Berkey has a backer.
Andy, less than 2 years ago, was a spot in a tough line-up in my opinion.
He was incredibly unbalanced on the turn and river.
I've probably played with him the most out of everyone, aside from maybe Art.
His hyper aggressive style was incredibly hard to deal with when he wasn't tilting from around 2008-2016.
He clearly has worked hard on his game and made a lot of adjustments.
I think playing on LATB consistently has helped him.
Art is pretty young and came up learning from the new school approach to poker.
I think it helped him, because he was ahead of the curve.
That said, I think his mental makeup in general helped as well.
The kind of guy, who doesn't really slow down even when hes stuck or right after he got caught bluffing.
He was generally hyper focused and didn't give in or soft play source all.
That speaks to the right kind of mental make-up you need to be a crusher.
He was definitely cocky too.
I thought he was a spot when casino bonuses free spins first showed up, and he probably was, until he put it all together.
He plays tight on the LATB shows, because thats probably optimal full ring when the other guys are wagging their dicks around pre.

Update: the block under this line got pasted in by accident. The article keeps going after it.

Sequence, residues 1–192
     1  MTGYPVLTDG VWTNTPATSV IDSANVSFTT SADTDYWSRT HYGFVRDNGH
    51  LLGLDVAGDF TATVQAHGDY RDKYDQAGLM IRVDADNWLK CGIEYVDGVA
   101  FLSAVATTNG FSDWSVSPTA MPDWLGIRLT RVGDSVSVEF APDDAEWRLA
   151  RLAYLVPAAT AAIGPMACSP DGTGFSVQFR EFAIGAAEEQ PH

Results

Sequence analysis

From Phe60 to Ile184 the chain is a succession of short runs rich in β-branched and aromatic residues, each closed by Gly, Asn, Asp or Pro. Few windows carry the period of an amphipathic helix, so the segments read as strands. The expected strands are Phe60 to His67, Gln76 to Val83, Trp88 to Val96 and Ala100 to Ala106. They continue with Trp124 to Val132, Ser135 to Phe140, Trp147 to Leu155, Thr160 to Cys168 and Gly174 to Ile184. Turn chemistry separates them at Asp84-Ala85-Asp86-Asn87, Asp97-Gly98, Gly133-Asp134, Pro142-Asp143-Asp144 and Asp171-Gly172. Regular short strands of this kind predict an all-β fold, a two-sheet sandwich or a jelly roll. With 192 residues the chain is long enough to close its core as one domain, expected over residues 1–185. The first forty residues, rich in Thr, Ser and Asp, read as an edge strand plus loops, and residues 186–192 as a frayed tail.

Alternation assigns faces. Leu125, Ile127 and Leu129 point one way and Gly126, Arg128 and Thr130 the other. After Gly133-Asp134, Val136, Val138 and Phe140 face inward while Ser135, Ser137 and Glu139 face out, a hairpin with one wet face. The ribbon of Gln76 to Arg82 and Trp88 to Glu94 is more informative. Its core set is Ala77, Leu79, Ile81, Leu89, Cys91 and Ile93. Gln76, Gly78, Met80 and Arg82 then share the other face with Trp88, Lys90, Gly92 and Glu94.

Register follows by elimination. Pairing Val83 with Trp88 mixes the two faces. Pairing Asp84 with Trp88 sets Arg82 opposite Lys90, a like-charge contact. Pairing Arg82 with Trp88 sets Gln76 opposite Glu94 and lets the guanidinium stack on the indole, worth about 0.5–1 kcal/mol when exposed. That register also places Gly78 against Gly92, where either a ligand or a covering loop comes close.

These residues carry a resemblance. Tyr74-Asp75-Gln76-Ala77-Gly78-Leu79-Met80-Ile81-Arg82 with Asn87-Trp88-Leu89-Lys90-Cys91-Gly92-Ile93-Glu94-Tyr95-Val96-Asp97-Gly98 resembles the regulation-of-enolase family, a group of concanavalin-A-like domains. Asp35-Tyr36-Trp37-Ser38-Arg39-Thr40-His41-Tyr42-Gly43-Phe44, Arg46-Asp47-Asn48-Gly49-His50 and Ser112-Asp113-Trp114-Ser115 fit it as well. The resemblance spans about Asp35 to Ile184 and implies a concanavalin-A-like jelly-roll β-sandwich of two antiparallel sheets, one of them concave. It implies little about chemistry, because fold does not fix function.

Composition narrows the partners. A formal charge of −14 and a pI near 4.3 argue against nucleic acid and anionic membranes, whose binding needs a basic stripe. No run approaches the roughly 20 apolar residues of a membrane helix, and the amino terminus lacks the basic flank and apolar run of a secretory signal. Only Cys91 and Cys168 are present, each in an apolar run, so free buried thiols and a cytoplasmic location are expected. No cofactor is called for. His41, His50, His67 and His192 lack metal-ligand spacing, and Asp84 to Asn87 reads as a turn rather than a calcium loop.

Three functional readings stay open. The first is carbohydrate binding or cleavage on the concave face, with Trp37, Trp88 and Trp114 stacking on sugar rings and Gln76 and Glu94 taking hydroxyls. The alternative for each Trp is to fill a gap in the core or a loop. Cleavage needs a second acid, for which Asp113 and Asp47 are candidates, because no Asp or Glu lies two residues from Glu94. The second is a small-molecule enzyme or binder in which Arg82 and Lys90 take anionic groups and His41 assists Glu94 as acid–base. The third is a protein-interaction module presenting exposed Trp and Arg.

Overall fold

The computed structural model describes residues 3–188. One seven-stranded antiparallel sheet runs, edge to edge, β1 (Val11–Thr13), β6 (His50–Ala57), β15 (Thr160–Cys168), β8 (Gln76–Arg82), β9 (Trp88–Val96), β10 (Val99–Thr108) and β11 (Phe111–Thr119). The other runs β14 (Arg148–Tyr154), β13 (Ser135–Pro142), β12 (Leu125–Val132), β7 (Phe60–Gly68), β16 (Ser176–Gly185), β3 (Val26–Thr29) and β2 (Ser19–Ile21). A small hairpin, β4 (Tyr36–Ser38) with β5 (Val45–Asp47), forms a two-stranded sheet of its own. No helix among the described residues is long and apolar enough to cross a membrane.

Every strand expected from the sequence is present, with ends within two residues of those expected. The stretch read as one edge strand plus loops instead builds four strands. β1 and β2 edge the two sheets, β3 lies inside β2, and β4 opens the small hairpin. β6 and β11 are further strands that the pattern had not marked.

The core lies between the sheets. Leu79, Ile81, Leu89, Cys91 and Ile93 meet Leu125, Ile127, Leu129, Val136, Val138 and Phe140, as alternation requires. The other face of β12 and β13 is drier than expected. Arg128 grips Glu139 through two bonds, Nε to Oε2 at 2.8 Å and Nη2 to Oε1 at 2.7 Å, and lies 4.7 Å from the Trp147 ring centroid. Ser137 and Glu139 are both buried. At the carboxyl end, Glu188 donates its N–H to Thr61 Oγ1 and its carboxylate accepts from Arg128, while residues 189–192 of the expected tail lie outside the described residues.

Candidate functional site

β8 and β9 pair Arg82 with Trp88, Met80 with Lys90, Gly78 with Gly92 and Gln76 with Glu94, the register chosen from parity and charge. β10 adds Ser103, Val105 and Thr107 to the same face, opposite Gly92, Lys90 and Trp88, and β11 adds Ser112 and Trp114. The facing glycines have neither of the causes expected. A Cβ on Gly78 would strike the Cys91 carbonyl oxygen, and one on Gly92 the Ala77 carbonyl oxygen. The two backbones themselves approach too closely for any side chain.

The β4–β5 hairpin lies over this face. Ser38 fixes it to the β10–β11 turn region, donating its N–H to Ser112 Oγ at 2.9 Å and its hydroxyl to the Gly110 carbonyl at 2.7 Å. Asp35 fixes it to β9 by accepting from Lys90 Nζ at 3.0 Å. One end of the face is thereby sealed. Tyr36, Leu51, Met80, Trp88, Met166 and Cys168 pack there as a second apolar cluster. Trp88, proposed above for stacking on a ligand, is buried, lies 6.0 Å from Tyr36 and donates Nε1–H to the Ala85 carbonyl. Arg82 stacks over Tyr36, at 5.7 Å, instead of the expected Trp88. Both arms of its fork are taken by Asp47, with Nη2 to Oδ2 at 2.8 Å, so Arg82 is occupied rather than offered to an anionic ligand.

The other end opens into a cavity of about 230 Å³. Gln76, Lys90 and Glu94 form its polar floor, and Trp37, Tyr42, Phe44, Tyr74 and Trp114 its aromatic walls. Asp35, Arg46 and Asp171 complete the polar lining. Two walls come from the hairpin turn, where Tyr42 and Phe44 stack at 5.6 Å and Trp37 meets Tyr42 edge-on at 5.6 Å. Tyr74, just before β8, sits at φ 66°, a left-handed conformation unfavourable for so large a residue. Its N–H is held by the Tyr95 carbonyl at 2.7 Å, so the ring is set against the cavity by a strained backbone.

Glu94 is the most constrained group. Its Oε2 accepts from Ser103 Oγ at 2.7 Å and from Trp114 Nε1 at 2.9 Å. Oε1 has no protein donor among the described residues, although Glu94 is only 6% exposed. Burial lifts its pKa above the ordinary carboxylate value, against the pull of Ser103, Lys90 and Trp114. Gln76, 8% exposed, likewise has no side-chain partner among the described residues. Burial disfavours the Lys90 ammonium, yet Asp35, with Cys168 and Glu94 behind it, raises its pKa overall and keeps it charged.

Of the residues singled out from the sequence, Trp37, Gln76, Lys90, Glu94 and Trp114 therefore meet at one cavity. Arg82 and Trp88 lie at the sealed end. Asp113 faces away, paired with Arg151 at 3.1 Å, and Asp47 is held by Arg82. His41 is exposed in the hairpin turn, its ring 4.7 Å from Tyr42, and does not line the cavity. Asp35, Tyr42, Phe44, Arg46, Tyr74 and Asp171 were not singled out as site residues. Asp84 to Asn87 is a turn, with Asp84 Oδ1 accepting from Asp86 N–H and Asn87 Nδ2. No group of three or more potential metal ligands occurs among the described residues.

As for myself, I am hyper competitive for sure.
I wouldn't describe myself as a crusher though.
When I'm playing my A game, I definitely try to make myself feel confident and like I'm the best at the table even though, I know Im probably not.
Its just an attitude and a mindset.
I get that from playing music and playing in front of thousands of people year after year.
I ususally shrug off nervousness by literally looking out into the crowd and saying "fuck you, I dont care what you think, I'm going to play my ass off" or something like that, haha.
My main problem is that I don't play for a living and do really well monetarily playing music, so its easy for me to just coast and play my B game.
Although lately I've been trying to fix that.
Inherently, I don't think I have the same alpha dog personality that I've described though.
I have different kinds of intangibles and it viffer poker 2020 from being a super sensitive and hyper aware of other people's energy.
Probably honed from years of playing music.
I suspect Garrett is similar in that regard.
I think this can easily be summed up by saying what looks good on TV, does not necessarly translate to a winning hourly rate.
We are privy to a large degree to knowing how much Bart and Ki win in these games.
We dont have any hard numbers about how much any of the other players make, or even if they win at all.
I would say both Bart and Ki are the "nits" at the Live at the Bike table.
Thats what wins at live Poker.
Being a crusher isnt getting someone to fold top pair, being a crusher is folding middle set when you know it isnt good, preserve your stack and save 150BB, but every other "pro" will just go broke in that spot and call it a cooler.